In the Paris 1900 Games, archery was first incorporated into the Olympic program. Seven different tournaments with differing shooting distances and targets were held. Olympic competition in archery took place in 1904 and 1908, but not in the 1912 games. The last time it appeared was in 1920, approximately 50 years ago. From 1920 until 1972, there were no Olympic archery competitions. Two competitions, a men’s and a women’s tournament, were contested during the 1972 Summer Olympics in Munich. Since then, archery has been included in the Olympic Games. Men’s and women’s team competitions were added in 1988, and a mixed-gender event will make its Olympic debut in Tokyo in 2020.
Belgian competitors have been the finest in the sport during the first twenty years of Olympic Archery (1900–1920), capturing 11 of the sport’s 25 gold medals. But South Korea has dominated the sport since archery was brought back into the Olympics, taking home 23 gold medals since 1972. It appears that archery will remain an Olympic event for the foreseeable future. The main debate is whether compound bows belong in the Games. Some believe that compound bows disrupt the fundamental character of archery since they are thought to be more technologically sophisticated than the commonly utilized recurve bows.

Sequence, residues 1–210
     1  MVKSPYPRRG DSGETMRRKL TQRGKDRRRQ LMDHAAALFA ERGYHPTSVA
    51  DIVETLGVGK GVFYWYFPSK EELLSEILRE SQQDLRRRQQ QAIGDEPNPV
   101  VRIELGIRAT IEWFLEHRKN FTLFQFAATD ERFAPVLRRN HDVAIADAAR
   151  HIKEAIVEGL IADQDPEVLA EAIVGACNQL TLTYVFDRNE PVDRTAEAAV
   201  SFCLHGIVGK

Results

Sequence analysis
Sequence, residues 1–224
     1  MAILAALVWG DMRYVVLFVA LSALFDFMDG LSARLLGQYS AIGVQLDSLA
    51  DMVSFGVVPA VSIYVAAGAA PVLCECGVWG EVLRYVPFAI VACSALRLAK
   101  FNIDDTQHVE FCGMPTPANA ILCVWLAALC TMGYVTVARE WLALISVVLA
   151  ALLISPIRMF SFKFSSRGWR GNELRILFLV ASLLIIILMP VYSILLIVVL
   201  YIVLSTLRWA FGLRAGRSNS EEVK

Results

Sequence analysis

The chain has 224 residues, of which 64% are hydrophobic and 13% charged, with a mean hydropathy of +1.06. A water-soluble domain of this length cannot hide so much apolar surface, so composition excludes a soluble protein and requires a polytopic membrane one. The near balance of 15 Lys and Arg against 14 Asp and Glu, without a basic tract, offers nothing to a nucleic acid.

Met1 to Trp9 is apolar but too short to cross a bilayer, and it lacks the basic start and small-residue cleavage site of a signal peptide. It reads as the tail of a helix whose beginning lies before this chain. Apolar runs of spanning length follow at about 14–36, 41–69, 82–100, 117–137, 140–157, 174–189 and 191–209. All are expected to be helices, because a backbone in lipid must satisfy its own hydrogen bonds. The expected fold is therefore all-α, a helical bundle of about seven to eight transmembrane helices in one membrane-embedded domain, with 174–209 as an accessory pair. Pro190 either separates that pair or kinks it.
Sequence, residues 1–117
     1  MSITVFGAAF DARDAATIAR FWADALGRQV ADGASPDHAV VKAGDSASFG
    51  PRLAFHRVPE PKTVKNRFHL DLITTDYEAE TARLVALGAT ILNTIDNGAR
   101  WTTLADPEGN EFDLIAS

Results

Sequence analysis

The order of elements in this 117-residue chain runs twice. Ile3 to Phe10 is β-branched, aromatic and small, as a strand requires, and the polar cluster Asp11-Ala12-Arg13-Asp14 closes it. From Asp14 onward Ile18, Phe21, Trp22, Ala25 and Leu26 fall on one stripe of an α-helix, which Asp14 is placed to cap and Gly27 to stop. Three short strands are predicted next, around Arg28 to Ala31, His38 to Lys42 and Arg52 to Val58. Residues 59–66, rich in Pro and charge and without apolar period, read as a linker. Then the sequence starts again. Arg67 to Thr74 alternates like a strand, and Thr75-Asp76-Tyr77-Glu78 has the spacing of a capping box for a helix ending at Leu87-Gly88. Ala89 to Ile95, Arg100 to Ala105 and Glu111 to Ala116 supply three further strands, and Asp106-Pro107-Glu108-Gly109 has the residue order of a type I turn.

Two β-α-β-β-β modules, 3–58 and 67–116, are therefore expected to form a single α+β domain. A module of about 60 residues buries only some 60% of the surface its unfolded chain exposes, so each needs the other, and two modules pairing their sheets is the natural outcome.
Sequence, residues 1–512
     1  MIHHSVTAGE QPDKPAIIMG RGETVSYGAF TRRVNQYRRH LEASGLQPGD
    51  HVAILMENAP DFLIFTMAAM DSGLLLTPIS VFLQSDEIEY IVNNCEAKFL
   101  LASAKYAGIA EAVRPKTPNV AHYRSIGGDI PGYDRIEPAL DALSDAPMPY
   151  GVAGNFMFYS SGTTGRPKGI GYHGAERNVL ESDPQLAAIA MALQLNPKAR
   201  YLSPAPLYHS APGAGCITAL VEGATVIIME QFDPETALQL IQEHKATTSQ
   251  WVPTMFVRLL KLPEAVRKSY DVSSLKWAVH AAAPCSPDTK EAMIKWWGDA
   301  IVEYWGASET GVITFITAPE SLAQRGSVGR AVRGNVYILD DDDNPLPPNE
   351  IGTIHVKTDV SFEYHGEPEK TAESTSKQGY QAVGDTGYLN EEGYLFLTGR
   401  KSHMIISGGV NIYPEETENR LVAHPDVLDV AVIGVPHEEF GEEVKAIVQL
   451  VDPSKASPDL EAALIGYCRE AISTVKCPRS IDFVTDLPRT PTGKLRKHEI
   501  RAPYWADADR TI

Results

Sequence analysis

Compound bow advocates note that there may be two tournaments, one for recurve bows and one for compound bows. Many experts support the inclusion of a compound bow program. The 2019 Archery World Championships included compound bow competitions, and it’s feasible that the 2024 Olympics may do the same. However, they were not part of the Tokyo Olympics in 2020. Olympic archers aim from a distance of 70 meters at a 122cm target. They must land on the gold center ring, or the bulls-eye, only 12cm away, to receive the highest score possible.